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Scientia Agricola

On-line version ISSN 1678-992X

Sci. agric. (Piracicaba, Braz.) vol.77 no.5 Piracicaba  2020  Epub Dec 20, 2019

http://dx.doi.org/10.1590/1678-992x-2018-0295 

Note

Estimation of soil phosphorus availability via visible and near-infrared spectroscopy

Micael Felipe de Souza1 
http://orcid.org/0000-0002-9089-6749

Henrique Coutinho Junqueira Franco1 
http://orcid.org/0000-0002-1218-7533

Lucas Rios do Amaral1  * 
http://orcid.org/0000-0001-8071-4449

1Universidade Estadual de Campinas/FEAGRI, Av. Cândido Rondon, 501 – Campinas, SP – Brasil.


ABSTRACT:

Spectroscopic techniques have great potential to evaluate soil properties. However, there are still questions regarding the applicability of spectroscopy to analyze soil phosphorous (P) availability, especially in tropical soils with low nutrient contents. Therefore, this study evaluated the possibility to estimate P availability in soil and its pools (labile, moderately labile and non-labile) via Vis-NIR spectroscopy based on intra-field calibration. We used soils from two different locations, a plot experiment that received application of phosphate fertilizers (Field-A) and a cultivated field where a grid soil sampling was performed (Field-B). We used the technique of diffuse reflectance in the visible and near-infrared (Vis-NIR) to obtain the spectra of soil samples. Predictive modeling for P availability and labile, moderately labile and non-labile pools of P in soil were obtained via partial least squares (PLS) regression; classification modeling was performed via Soft Independent Modeling of Class Analogy (SIMCA) on three P availability levels in order to overcome the limitation on quantifying P via Vis-NIR spectroscopy. We found that isolating P contents as the only variable (Field-A), Vis-NIR spectroscopy does not allow estimating P pools in the soil. In addition, quantification of P available in the soil via predictive modeling has limitations in tropical soils. On the other hand, estimating P content in soil through classes of availability is a feasible and promising alternative.

Keywords: predictive modeling; classification model; precision agriculture; fractionation of phosphorus; soil fertility

Introduction

Phosphorous (P) supply to plants is an essential factor to ensure proper crop development and high yields (Ziadi et al., 2013). In tropical soils, such as Oxisols, phosphate fertilization generally requires attention due to adsorption reactions of the element with soil constituents, which become a drain instead of a source of P for plants (Barbieri et al., 2009; Novais and Smyth, 1999). The study on P availability for plants can be accomplished through its division into fractions, providing knowledge on soil dynamics, guiding soil fertilization in an economical and environmental manner (Cross and Schlesinger, 1995). The methodologies commonly used are based on sequential extractions with chemical reagents (e.g. Hedley fractionation - Hedley et al., 1982); however, this laboratory procedure is time-consuming, expensive, laborious and easily susceptible to mistakes (Cécillon et al., 2009).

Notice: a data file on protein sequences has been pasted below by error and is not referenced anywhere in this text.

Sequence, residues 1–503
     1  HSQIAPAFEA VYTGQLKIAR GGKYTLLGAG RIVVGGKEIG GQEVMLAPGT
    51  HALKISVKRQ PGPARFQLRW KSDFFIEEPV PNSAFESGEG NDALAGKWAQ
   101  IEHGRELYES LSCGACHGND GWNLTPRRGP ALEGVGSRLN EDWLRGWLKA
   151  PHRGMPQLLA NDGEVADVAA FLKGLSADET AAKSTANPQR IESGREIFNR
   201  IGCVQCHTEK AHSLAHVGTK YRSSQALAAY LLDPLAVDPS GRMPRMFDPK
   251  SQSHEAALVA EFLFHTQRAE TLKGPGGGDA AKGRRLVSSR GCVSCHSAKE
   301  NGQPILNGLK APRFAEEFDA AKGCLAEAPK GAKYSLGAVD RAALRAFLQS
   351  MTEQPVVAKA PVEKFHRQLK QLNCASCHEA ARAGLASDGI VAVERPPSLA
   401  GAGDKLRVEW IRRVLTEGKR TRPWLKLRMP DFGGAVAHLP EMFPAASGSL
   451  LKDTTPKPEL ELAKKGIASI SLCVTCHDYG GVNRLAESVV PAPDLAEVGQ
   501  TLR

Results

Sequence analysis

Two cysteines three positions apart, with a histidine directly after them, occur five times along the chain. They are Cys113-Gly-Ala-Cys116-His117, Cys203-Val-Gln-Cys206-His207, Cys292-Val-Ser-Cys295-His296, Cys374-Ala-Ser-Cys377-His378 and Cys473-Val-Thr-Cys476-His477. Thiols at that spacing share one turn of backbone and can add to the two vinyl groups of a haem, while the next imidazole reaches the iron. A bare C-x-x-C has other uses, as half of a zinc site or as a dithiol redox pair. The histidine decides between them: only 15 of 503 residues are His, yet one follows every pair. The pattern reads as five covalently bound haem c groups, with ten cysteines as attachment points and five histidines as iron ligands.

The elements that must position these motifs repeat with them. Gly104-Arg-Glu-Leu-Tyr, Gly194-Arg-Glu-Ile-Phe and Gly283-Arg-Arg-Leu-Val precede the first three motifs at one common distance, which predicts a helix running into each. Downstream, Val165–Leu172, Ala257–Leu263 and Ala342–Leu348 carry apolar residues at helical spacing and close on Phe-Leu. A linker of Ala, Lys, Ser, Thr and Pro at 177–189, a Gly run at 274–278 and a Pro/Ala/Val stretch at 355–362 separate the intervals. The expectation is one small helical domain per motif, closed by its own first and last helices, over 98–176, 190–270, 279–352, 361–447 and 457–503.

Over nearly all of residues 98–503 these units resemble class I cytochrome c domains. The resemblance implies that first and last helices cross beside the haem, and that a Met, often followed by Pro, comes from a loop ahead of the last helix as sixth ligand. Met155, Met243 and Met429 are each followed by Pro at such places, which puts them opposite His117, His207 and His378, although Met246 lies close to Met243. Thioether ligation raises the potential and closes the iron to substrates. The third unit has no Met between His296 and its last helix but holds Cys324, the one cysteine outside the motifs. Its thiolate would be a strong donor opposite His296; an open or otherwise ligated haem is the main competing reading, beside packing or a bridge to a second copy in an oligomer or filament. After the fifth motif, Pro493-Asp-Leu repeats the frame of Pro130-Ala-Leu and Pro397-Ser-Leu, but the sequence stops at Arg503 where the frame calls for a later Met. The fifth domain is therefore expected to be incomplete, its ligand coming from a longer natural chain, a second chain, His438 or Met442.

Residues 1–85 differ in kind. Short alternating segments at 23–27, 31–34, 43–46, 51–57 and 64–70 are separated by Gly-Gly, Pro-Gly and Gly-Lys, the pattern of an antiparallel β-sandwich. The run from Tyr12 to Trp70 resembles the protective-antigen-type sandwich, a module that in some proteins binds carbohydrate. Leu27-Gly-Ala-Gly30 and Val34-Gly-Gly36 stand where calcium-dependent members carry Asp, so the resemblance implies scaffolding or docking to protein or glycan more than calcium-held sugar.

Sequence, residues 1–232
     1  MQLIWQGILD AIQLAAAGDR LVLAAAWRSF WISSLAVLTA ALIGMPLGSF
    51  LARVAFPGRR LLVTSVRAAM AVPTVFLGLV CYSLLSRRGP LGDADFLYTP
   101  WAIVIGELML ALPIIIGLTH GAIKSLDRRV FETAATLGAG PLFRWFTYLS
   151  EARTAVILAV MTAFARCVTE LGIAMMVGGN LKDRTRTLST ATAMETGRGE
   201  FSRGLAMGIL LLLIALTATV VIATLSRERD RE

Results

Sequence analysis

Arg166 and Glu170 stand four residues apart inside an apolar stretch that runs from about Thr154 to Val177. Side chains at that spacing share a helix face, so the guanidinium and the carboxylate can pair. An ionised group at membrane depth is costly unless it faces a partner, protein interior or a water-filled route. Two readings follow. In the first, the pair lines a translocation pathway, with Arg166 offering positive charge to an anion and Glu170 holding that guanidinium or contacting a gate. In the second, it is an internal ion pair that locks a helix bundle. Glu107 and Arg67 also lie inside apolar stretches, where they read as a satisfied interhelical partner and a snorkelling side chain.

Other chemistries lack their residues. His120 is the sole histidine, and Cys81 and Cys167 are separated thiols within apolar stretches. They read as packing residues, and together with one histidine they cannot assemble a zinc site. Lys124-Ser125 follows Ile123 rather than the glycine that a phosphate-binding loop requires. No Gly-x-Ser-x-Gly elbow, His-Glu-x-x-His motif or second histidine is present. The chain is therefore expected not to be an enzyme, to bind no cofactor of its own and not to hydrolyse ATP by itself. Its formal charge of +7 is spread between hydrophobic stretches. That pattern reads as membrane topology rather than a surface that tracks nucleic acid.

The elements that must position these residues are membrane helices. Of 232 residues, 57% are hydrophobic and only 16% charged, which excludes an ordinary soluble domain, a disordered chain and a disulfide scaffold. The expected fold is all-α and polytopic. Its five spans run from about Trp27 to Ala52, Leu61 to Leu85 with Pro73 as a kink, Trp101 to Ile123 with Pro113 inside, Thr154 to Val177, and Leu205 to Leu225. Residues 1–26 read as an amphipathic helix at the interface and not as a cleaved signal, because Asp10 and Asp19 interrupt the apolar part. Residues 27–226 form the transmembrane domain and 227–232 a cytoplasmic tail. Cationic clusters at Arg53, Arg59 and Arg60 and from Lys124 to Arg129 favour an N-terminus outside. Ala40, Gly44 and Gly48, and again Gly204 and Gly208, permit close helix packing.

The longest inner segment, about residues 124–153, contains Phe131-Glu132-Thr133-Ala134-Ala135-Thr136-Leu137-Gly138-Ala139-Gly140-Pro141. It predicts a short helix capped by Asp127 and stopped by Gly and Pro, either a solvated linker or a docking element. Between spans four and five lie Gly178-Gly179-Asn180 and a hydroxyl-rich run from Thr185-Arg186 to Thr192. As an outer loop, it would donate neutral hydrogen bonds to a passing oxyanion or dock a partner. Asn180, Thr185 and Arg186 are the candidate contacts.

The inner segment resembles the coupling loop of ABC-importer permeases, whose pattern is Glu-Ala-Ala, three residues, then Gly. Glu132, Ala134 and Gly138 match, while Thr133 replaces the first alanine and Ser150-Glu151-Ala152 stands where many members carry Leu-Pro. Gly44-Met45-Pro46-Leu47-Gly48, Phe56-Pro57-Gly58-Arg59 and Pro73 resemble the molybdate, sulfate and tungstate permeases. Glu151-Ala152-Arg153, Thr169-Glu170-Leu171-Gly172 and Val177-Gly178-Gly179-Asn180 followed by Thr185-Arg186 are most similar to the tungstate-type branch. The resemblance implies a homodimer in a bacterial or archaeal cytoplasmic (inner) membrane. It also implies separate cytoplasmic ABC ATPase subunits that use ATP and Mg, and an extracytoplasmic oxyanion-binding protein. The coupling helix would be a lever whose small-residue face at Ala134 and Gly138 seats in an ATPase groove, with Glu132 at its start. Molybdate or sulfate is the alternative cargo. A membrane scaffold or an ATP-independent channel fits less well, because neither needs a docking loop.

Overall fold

In this context, Vis-NIR spectroscopy is a promising approach to evaluate soil properties, because a single measurement allows inferring several properties (Nocita et al., 2015; Soriano-Disla et al., 2014; Wetterlind et al., 2008). However, its use has limitations to estimate nutrients availability in the soil, since it is a complex and variable matrix involving interactions between mineral and organic materials (Mouazen et al., 2007; Shepherd and Walsh, 2007). Furthermore, results on prediction of P availability via Vis-NIR spectroscopy are not yet sufficient to ensure satisfactory performance in most cases (Abdi et al., 2016; McCarty and Reeves, 2006; Terra et al., 2015). Therefore, questions remain regarding applicability of Vis-NIR spectroscopy to analyze P in the soil, especially in tropical soils with low content of organic P, due to its low P availability and the complexity of P interactions with the minerals in this soil type.

In this context, Niederberger et al. (2015) obtained excellent results predicting labile, moderately labile and non-labile pools of P in soils, arguing for the potential of this approach. However, the authors used a soil classified as Entisol (Soil Survey Staff, 2003), characterized by a low-to-medium weathering level of the parent material, which favors greater availability of P compared to Oxisols. In addition, as the soil was sampled along an area of 8,100 ha, the samples had different physicochemical properties. Thus, the objective of our study was to evaluate the possibility to estimate soil P availability and its pools (labile, moderately labile and non-labile) in Oxisoil via Vis-NIR spectroscopy, including the use of a model classification technique based on intra-field calibration.